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    Highlights from 2015 RPC and a Look Toward Next Year

    Q&A WITH DAVID LITTLE - Managing Director, Head of US

    How has the Moody’s Analytics Risk Practitioner Conference evolved over time?

    When Moody’s launched an industry conference called Credit Practitioners Conference 10 years ago, it was primarily focused on single obligor and portfolio credit risk. Over time, the conference has become bigger and broader. In 2010, the event was renamed Risk Practitioners Conference (RPC), acknowledging the expanding range of interests from industry participants and the growing range of solutions from Moody’s Analytics. The 2015 conference attracted 300 attendees from about 100 global institutions. Participants represented financial institutions large and small, as well as bank supervisors. Interestingly, as Finance and Risk are increasingly working together on areas like stress testing and CECL/ IFRS 9, there were also prominent speakers and attendees from Finance functions.

    What were some of the main themes of the conference this year?

    One theme underpinning many sessions was data and data quality as the foundation for better risk management and capital planning. Firms are thinking about how to improve foundational risk management and risk identification, and how to extract greater value from their data and infrastructure investment beyond basic regulatory compliance. Model risk management is a topic at the forefront of everyone’s mind as the supervisory expectations, particularly in the US have risen sharply. In fact, firms are thinking of how to get more out of stress testing, leveraging some of the same models, systems, and regimens to improve business-as-usual processes like limits management and the Risk Appetite Framework.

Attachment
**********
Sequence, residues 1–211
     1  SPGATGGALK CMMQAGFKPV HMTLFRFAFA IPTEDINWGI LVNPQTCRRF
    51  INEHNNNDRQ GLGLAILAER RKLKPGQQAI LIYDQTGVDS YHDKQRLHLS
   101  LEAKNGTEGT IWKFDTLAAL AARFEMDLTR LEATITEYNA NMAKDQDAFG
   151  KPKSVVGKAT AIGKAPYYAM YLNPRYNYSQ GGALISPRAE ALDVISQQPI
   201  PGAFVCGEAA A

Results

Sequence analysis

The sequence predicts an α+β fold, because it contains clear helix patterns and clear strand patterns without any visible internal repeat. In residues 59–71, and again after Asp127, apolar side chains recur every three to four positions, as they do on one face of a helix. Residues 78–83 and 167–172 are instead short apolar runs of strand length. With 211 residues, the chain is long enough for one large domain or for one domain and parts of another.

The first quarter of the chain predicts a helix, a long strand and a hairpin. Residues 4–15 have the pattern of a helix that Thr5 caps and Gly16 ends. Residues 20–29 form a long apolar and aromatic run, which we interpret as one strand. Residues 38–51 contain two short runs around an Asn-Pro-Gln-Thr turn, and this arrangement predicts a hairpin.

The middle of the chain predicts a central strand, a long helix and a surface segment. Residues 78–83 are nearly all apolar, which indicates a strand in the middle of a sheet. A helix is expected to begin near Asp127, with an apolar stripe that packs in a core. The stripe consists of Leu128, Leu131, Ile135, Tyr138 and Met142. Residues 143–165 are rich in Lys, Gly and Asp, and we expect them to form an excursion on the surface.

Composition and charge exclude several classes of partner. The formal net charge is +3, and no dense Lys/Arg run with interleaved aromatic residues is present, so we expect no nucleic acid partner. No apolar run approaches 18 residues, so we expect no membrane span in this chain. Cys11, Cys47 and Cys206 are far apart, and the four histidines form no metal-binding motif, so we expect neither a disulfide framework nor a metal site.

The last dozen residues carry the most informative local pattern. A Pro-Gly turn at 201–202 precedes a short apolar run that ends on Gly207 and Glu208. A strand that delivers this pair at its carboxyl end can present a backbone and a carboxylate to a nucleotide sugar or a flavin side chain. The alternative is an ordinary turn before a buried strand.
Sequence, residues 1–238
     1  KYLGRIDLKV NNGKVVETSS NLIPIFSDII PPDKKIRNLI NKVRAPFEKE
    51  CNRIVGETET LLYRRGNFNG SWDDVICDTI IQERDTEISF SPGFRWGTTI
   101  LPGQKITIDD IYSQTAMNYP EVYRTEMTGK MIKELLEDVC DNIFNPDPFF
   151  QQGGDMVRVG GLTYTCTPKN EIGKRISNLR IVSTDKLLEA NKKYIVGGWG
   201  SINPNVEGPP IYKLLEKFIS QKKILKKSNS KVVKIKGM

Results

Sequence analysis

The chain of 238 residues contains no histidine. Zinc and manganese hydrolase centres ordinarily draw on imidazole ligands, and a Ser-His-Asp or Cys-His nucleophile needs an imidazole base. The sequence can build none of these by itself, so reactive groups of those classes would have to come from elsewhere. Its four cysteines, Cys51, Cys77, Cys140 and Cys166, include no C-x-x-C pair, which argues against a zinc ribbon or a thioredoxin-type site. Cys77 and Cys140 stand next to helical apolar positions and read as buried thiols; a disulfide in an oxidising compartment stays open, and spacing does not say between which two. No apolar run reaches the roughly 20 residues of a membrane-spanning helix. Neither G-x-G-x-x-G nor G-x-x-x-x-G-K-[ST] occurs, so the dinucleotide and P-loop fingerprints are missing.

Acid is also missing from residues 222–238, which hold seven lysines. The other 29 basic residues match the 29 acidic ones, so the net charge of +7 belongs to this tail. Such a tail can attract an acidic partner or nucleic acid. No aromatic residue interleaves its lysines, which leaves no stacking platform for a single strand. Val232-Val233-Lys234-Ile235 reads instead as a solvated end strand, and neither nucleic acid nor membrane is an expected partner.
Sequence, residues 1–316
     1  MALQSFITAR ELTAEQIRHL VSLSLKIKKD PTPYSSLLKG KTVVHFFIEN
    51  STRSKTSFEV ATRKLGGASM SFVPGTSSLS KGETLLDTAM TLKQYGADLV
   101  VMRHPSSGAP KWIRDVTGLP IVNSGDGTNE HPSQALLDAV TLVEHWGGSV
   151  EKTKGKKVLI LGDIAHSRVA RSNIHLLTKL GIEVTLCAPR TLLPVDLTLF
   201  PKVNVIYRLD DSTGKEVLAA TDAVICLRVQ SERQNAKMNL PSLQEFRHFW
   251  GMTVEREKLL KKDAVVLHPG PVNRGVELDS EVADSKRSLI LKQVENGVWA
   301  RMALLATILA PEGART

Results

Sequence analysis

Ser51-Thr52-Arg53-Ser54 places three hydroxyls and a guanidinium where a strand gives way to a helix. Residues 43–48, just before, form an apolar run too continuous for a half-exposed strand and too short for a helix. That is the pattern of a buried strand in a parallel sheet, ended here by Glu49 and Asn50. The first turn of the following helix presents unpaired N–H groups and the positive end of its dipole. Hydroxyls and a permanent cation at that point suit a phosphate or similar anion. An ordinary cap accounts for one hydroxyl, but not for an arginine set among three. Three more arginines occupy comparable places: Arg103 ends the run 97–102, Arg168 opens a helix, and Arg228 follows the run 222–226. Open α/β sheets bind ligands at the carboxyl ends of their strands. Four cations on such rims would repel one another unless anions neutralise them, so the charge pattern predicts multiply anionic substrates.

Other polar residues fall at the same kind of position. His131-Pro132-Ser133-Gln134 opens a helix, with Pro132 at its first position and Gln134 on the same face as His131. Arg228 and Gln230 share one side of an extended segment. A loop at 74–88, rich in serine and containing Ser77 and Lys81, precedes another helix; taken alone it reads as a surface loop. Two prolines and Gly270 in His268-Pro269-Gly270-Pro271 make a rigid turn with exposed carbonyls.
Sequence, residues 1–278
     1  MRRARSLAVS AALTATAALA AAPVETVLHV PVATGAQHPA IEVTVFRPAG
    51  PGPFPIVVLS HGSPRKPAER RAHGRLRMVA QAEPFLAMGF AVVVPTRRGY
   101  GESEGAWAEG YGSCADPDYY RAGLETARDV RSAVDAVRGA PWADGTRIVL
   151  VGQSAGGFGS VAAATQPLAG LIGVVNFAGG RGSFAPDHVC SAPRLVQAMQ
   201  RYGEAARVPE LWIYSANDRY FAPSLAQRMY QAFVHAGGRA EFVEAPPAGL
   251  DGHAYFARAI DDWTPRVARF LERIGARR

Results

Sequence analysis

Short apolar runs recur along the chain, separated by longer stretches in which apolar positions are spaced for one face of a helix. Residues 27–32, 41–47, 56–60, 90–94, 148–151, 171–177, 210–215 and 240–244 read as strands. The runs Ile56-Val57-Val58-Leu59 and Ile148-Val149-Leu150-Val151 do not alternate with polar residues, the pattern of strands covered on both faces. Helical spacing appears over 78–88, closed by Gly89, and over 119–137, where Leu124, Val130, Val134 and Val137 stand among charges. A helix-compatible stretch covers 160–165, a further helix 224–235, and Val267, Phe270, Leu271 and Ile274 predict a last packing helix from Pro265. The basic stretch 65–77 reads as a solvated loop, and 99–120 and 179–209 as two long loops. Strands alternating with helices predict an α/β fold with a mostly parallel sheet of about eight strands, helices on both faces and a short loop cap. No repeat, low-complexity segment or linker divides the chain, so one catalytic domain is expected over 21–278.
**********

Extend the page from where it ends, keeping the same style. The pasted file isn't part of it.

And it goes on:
What do we expect for 2016?

    The accounting regulations should continue to evolve over the next year, so there will be more concrete discussions about modeling for ALLL. There are still open questions about how to get an integrated and comprehensive view of risk at the top of house, how to integrate liquidity and capital views, and approaches to liquidity stress testing results and capital optimization. I would also expect an even more diverse group of attendees as we will be dealing with the integration of more and more BAU Risk processes with required regulatory processes like stress testing. However, I suspect that the series of bank and regulatory round tables Moody’s Analytics will host in the spring and summer will inform the choice of topics for the RPC 2016.

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